Tax saved and tax allowable depreciation

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    nancy621
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    Why is there when calculating the investment appraisal sometimes need to take into account of tax allowable depreciation and sometimes do not have?

    But do not consider the tax saved at the same time, ie. tax saved from tax allowable depreciation?


    Avatar of John Moffat
    John Moffat
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    If there is tax in the question (and assuming that you are told that tax allowable depreciation (or capital allowances) are available) then you should always bring it in.

    I think what you are referring to is the fact that you can deal with the tax in two ways (which will both give the same answer).

    Usually the best way is to calculate the tax payable on the operating cash flows, and then calculate separately the tax saving on the depreciation.

    Alternatively, (but usually meaning more work) is you can subtract the depreciation from the operating cash flows, then calculate the tax, but then add back the depreciation because it is not a cash flow itself.


    Avatar of Saline
    Saline
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    I agree that the best way is to calculate the tax payable on operating cash flows, and then calculate separately the tax savings on the depreciation.

    But if I use the second method in the question NEPTUNE June 2008. So can you let me know how to do that because if I subtract depreciation from operating cashflow then they become negative cashflows, there is again an issue to calculate tax on negative cashflow as there won’t be any tax.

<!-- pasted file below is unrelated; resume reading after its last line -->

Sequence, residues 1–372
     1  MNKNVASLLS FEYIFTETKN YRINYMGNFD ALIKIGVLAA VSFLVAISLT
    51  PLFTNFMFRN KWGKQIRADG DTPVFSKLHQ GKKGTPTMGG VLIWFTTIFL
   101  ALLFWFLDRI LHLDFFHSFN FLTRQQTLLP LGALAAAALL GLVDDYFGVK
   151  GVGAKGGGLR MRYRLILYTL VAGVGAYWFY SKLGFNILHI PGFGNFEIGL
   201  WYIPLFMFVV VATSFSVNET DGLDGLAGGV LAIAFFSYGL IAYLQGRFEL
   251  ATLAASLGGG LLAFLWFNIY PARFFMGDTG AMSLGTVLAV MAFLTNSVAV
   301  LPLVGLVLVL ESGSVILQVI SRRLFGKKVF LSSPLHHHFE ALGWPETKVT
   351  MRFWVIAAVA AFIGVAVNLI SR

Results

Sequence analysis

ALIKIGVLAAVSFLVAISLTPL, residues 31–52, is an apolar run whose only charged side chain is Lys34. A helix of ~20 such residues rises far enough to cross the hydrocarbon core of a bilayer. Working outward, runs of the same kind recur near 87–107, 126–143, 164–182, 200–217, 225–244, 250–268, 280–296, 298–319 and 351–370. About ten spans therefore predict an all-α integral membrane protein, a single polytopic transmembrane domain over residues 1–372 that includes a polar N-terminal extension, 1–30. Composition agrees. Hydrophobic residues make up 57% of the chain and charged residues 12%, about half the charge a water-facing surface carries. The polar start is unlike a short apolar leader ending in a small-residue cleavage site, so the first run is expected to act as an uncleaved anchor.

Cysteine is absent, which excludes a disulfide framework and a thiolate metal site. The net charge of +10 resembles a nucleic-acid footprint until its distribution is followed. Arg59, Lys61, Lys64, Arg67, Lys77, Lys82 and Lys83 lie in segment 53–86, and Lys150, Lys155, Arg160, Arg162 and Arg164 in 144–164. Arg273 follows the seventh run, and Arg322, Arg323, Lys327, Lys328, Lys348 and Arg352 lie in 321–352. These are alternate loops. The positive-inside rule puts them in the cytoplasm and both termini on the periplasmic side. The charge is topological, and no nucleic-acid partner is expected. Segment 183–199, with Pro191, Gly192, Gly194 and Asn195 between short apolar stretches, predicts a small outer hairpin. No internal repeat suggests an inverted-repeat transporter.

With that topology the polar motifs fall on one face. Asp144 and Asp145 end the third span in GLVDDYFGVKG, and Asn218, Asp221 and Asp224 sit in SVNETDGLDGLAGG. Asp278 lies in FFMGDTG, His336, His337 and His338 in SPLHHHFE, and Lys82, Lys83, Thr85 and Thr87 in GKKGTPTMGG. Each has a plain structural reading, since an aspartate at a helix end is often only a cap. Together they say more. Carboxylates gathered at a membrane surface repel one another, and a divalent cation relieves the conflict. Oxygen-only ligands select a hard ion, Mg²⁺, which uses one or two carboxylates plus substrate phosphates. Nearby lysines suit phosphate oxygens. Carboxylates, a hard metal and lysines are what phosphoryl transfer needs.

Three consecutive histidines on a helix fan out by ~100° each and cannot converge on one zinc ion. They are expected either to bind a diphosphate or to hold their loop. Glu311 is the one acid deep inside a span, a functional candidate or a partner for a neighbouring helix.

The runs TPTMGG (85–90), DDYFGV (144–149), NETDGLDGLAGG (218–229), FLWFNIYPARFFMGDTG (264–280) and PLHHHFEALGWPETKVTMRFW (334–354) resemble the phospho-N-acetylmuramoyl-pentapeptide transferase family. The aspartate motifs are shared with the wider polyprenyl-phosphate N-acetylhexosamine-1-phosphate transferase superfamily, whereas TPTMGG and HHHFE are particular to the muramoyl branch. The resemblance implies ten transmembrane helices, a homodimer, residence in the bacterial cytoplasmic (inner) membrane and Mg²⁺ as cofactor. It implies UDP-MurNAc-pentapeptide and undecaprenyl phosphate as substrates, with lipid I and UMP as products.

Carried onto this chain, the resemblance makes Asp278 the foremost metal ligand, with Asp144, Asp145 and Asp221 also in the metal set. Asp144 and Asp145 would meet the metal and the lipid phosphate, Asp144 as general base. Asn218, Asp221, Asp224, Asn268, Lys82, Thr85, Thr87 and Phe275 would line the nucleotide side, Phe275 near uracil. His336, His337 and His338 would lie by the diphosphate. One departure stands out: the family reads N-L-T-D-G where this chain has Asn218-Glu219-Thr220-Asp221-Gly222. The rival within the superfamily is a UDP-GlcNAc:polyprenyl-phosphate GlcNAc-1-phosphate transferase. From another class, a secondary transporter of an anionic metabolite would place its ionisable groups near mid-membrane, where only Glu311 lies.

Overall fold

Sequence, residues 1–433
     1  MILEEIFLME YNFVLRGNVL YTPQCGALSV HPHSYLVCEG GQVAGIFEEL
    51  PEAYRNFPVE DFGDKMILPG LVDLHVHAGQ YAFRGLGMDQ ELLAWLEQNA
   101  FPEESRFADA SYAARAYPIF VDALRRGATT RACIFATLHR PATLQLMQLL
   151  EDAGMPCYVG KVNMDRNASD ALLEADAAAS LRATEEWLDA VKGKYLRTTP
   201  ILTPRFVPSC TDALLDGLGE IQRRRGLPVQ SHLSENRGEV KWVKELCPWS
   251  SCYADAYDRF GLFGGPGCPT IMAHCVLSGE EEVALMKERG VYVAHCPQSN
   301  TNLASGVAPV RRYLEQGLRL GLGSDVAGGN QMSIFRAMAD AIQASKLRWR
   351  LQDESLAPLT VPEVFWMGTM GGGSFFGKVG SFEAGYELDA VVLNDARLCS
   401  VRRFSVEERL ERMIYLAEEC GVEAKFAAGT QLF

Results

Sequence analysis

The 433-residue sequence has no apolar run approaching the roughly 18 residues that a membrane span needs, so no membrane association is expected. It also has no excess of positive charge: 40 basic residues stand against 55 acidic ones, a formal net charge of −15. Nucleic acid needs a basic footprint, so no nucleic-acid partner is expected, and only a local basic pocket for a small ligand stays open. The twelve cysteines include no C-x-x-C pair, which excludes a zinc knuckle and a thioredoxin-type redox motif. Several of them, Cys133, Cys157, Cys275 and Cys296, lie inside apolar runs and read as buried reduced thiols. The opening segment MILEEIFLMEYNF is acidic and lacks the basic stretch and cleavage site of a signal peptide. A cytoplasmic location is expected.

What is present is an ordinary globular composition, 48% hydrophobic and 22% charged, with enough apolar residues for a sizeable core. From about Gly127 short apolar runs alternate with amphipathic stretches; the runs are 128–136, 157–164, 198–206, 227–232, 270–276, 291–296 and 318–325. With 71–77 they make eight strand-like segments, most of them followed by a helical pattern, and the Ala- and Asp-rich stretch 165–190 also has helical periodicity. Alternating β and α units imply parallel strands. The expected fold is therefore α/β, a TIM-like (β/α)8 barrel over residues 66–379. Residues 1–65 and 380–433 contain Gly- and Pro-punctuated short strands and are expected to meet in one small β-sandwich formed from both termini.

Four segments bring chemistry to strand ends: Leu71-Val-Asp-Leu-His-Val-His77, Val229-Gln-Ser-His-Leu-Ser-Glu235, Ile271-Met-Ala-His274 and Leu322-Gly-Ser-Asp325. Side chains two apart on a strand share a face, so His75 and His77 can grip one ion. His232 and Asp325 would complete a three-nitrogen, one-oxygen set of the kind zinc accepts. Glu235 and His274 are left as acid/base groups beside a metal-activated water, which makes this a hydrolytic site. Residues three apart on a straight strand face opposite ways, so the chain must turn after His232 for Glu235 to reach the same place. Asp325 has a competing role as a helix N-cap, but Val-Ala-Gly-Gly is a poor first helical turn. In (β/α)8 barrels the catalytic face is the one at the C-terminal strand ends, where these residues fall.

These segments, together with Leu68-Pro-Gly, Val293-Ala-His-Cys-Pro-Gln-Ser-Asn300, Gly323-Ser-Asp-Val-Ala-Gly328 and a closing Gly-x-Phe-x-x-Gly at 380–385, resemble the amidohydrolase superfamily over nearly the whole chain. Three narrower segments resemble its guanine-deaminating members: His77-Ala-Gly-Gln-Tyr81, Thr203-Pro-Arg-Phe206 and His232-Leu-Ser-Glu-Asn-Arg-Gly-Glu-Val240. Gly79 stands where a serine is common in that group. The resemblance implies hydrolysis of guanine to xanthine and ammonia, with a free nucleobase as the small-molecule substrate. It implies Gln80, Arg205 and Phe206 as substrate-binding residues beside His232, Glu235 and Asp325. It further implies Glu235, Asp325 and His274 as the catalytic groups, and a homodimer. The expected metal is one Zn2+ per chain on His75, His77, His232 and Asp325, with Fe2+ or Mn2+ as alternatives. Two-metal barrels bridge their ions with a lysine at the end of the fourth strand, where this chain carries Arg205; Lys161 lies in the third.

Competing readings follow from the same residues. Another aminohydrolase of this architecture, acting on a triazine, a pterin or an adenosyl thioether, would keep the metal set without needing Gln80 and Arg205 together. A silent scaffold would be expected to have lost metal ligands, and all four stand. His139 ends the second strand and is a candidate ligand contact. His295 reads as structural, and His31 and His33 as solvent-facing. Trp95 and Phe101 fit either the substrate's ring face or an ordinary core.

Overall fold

Avatar of Saline
    Saline
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    • Topics: 20
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    I agree that the best way is to calculate the tax payable on operating cash flows, and then calculate separately the tax savings on the depreciation.

    But if I use the second method in the question NEPTUNE June 2008. So can you let me know how to do that because if I subtract depreciation from operating cashflow then they become negative cashflows, there is again an issue to calculate tax on negative cashflow as there won’t be any tax.


    Avatar of John Moffat
    John Moffat
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    We always assume that the company is already paying tax due to existing profits.

    Therefore if you get a negative cash flow from a project it will mean that the existing profits will reduce, therefore less tax payable – i.e. a tax saving will result.

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